I suppose that I should start to say “almost one” when someone asks your age. But how is that possible? Weren’t you just a tiny baby, sleeping in my lap, while I sat cross-legged at the pool, watching the big kids dump buckets of water onto each other’s heads? Yet here we are — just a few short weeks away from your first birthday.
I love to watch you explore the world. You pull dandelions from the grass and try to buckle the straps on your stroller. You pretend to drink from a plastic tea cup and eat with a spoon. You can put wooden puzzle pieces into place and slide coins into the pink piggy bank. And while you have figured out how to remove the caps from markers, I know you are not to blame for the artwork that I discovered on our basement walls.
I love that you imitate everything that your siblings do (except, at least for now, drawing on the basement walls). You line up action figures on the ottoman, put princesses into the dollhouse, and push cars down the race track.
You are still a very fast, efficient, and content crawler. I’ve caught you standing on your own at least three times, but you show no interest in walking. Of course, I’m also not encouraging it. I haven’t even pulled out the walker toys from the storage closet. #thirdchild
You can follow simple directions like “bring the block to Mommy” or “put the ball in the basket.” You brush your hair and try to put shoes on your feet and hats on your head. You play peek-a-boo with dish towels, and I’ve caught you with Lucy’s bone in your mouth more than once.
You definitely understand the word, “no,” but that doesn’t stop you from doing the thing that I’m asking you not to do — like splashing in Lucy’s water bowl or crawling up the stairs. In fact, it only makes you giggle and go faster.
You have learned the signs for “more,” “milk,” and “all done.” Though it’s also just as effective to bang your tray when you want more, or throw food onto the floor when you’re finished. You also have no problem letting Lucy eat directly from your hands.
Favorite foods are still mostly the same: bananas, berries, melon, carrots, sweet potatoes, grilled cheese, spaghetti and meatballs. You love to pull things off the pantry shelves: jars of peanut butter, cans of diced tomatoes. And you race to the refrigerator when I open it, usually to steal a juice box before I can close the door.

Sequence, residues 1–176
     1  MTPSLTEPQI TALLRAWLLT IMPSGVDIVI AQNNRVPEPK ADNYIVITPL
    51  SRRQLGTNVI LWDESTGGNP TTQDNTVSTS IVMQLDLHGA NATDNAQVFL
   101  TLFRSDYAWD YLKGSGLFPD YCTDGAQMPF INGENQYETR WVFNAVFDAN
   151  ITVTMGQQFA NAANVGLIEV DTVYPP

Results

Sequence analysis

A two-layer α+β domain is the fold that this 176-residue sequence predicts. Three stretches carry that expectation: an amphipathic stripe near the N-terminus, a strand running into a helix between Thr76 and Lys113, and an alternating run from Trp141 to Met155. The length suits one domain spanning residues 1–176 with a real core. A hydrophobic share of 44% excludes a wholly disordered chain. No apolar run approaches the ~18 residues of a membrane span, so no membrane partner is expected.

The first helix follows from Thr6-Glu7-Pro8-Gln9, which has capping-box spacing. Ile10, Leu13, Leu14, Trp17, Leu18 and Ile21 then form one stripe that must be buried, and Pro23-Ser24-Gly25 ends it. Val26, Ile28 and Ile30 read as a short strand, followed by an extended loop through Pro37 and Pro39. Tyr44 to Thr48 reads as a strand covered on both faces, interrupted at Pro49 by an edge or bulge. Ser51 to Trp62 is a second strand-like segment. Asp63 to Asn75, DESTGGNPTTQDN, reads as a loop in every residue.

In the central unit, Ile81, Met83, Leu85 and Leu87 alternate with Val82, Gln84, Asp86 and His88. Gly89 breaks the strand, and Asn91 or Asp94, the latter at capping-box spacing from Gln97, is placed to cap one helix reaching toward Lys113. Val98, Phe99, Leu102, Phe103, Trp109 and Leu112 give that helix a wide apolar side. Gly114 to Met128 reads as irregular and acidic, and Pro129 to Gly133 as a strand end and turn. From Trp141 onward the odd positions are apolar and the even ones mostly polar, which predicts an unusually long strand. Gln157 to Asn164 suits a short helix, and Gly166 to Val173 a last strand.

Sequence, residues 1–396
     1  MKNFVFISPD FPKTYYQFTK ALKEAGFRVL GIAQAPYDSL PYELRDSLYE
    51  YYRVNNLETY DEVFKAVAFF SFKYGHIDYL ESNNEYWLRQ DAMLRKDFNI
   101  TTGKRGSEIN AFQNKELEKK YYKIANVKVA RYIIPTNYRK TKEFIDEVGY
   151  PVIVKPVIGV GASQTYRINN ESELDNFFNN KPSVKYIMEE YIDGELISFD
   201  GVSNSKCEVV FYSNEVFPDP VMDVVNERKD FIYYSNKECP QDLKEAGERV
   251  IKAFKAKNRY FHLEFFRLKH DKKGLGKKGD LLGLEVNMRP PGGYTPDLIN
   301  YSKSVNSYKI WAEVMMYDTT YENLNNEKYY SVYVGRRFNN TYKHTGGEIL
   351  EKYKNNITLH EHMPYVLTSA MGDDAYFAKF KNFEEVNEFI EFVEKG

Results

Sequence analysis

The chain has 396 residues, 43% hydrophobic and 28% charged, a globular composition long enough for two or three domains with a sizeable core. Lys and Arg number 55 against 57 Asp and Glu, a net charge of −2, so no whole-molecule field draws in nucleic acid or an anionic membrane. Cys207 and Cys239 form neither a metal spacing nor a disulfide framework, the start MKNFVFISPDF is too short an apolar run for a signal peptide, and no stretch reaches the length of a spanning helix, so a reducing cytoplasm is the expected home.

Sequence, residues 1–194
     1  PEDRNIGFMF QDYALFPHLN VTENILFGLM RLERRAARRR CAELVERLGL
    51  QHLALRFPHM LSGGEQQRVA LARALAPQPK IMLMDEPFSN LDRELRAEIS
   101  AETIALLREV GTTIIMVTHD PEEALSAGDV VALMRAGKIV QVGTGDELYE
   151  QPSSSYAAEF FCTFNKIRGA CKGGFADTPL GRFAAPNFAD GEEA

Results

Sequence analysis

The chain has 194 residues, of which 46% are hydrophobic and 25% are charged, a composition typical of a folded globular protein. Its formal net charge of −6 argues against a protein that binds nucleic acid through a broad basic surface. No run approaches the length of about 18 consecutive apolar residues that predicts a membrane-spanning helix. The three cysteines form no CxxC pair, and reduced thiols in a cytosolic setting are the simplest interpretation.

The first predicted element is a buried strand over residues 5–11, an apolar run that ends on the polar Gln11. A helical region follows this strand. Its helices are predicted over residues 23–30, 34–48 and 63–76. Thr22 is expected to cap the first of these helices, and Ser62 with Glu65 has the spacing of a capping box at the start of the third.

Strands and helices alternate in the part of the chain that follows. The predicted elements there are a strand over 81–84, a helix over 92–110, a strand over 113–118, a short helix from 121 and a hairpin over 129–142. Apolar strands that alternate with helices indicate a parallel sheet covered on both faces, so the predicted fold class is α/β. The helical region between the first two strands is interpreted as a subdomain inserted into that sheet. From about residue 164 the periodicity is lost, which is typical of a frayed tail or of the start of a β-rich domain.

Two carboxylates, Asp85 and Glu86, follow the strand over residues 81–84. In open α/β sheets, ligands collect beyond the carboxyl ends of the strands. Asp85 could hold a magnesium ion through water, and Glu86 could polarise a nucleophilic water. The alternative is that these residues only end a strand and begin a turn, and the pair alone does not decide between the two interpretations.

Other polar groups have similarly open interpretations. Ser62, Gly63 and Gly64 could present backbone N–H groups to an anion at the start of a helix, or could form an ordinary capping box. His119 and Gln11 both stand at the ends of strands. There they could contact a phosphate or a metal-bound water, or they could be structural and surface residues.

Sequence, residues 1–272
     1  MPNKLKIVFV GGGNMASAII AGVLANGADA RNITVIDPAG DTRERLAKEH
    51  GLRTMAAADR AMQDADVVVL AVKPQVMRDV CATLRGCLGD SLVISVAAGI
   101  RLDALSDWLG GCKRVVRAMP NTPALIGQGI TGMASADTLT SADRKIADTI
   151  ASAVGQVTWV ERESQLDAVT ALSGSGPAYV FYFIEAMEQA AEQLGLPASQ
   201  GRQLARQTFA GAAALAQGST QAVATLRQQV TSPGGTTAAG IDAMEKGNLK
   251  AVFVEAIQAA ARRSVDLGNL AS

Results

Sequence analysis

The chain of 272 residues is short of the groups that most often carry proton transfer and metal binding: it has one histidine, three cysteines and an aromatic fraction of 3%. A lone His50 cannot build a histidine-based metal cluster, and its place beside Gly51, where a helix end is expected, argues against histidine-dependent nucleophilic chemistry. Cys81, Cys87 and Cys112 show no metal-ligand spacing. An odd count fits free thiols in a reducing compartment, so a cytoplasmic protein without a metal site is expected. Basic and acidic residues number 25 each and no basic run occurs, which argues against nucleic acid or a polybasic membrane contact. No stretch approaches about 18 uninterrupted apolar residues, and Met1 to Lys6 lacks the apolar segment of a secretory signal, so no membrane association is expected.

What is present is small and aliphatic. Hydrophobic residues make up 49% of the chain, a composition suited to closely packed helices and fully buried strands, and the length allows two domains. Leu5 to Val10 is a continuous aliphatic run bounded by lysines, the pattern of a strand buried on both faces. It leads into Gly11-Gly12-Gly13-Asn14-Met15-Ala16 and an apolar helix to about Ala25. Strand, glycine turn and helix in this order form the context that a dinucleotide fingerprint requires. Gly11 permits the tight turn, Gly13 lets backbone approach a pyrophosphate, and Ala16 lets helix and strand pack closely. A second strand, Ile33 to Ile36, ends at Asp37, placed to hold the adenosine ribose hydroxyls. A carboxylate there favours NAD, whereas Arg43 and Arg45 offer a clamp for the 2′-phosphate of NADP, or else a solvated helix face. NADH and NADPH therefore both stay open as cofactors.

We had a few rough nights of sleep, thanks to a runny nose and sore gums. But I still barely see four little teeth ready to break through up top. And now, unfortunately, we have regressed into the habit of waking up between 3am and 4am for a snack and snuggle with Mommy. Afterwards, I lay you in the pack’n’play in our bedroom, and you sleep soundly until the big kids bound into the room around 7am. Yes, you have trained me well.
Sam and Nora often climb into the pack’n’play with you before I’m able to rescue you. But you really don’t seem to mind. In fact, the three of you squeal and giggle, especially when the big kids take turns tickling Mommy and Daddy under the sheets of our bed.
Including the nighttime feeding, you nurse four times per day, and I really don’t see that decreasing anytime soon. The older two kids were down to just twice per day at this age, and easily weaned right around their first birthday. But I suspect that things will be different with you. You are more of a comfort nurser than they were. If I’ve been away for a few hours (usually running errands), you are quick to find your way into my arms when I return and aren’t satisfied until I nurse you. I can’t say that I mind, though. You are my last little one, after all, and I’m going to hang onto these moments as long as I possibly can.
Evie, I love your swirl of hair and the tag on your right ear and the birthmark below your left arm — traits that are uniquely you. I love how you wrap your whole body around my legs and demand that I pick you up and how you could snuggle beside me all night if I allowed it. You are truly our little love bug. Please stop growing up so fast, sweetheart.